I’ve chosen this 1958 painting, “Montauk Highway”, by the great abstract expressionist artist Willem de Kooning as artwork of the month. My memory of it has inspired my abstract painting all my adult life. It’s such a powerful statement and has rich vibrant colour, something that many of de Koonings works possessed. He had an interest in billboards, highways, and images of the “American dream”, and this one is a highway reference. To me, I can just imagine rushing down that highway at great speed when I view this picture. It has an exuberance and energy that dives into life.
This month I’ll talk about an abstraction I made last year titled “Magenta meets yellow and orange”. This painting has a great sense of immediacy about it, yet the colours and their placement were carefully considered. I wanted to make a juxtaposition of the orange and magenta, yet allow the yellow to be a central theme. It’s almost like a collision of these colours, and this is the result! I knew the background could not be strongly present, taking a very subdued presence, and letting the vibrant magenta, yellow, and orange voice be heard. The painting needed a few extra marks of black to lift it from being a red focused energy, and so I used a couple of simple gestures to balance the hot energy. A few areas of blended colour were employed to break the large orange area in particular. I found this painting to be a lot of fun to make, and in a way it seemed to create itself, or at least had it’s own momentum. Things worked very easily, and I was very happy at completion…and still am! Hope you enjoy this as much as I do.
Running a bit late this month with my regular “Artwork of the month” post. Lots of things happening that needed attending to.
But here it is…on the last day!…I’ll discuss my work “Pink and yellow melt”, which at the moment is part of an exhibition “Revolve” in Adelaide.
This painting was created by an inner need to express the idea of pink adjacent to yellow, and I had quite a struggle in it’s making.
The external appearance of simplicity is not the truth with this work…many layers of paint have been involved in its creation. Within the larger areas of colour there are more subtle tones of similar colour, which can only be seen on closer inspection.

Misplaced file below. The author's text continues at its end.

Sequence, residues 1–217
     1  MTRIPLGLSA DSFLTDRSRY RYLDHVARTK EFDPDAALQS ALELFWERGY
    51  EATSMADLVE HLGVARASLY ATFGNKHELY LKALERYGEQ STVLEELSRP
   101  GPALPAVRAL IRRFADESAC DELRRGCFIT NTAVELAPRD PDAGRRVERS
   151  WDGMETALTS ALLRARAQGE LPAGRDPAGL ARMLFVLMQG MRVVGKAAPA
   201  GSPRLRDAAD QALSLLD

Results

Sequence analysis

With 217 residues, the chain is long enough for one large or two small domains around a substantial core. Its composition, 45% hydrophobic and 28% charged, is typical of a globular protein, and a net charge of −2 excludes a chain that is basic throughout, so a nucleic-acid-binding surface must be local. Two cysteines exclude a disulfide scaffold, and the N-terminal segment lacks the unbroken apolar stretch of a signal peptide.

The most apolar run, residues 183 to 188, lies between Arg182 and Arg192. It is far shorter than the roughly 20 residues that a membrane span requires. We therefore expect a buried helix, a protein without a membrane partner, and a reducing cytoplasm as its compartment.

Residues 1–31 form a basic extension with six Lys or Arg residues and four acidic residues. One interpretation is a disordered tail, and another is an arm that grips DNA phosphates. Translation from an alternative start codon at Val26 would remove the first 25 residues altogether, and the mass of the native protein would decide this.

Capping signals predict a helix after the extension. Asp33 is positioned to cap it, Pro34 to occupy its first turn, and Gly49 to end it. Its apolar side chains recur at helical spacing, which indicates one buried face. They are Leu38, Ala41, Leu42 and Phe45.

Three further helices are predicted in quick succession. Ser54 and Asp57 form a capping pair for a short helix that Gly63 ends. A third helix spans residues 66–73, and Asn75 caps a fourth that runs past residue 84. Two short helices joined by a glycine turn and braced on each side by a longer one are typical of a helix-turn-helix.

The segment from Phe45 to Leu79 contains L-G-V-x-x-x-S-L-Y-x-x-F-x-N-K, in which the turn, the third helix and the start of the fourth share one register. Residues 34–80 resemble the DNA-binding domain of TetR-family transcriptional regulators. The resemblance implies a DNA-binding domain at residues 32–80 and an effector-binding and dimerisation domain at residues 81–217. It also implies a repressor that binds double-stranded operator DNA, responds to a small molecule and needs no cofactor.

My initial concept was to place two large long areas of yellow and pink against each other, and to maintain their individual vibrancy. I needed the two colours to be delineated yet not in too strict a fashion. To achieve this I used a darker contrasting blue-green hue, and allowed it to run down the side of the pink…this line was too strong so a lot of it was painted out, and this was satisfactory. Originally the pink and yellow both extended to the top border, but I felt this to be overwhelming, so I cut out the top sections with the lighter blue.
I encouraged a lot of runs and dribbles, and although this appears spontaneous, each has been carefully considered to create balance. The dribbling lines act as a kind of patterning, and beneath this the viewer can observe underlying layers. The manner in which these layers are placed invites the question of subject/background, revealed/concealed, and the runs act as points of interest to lead the eye around the painting.
Using large flat brushes to achieve bigger areas of colour I had to remain conscious of the strength of the reddish pink and stop it from shouting. I wanted to maintain the vibrant energy of the work, but made use of quieter pastel colours and white to find a balance.
The overall colour scheme could possibly be described as “feminine” but the method of paint application keeps it from becoming too sweet. The mood created is one of joy and happiness with the world, and hopefully the viewer can experience this while observing the piece.
Time wise, this work took a couple of weeks solid work to complete, and I was really satisfied with the result. I felt I had resolved all problems that were presented both in the concept and in within the painting process.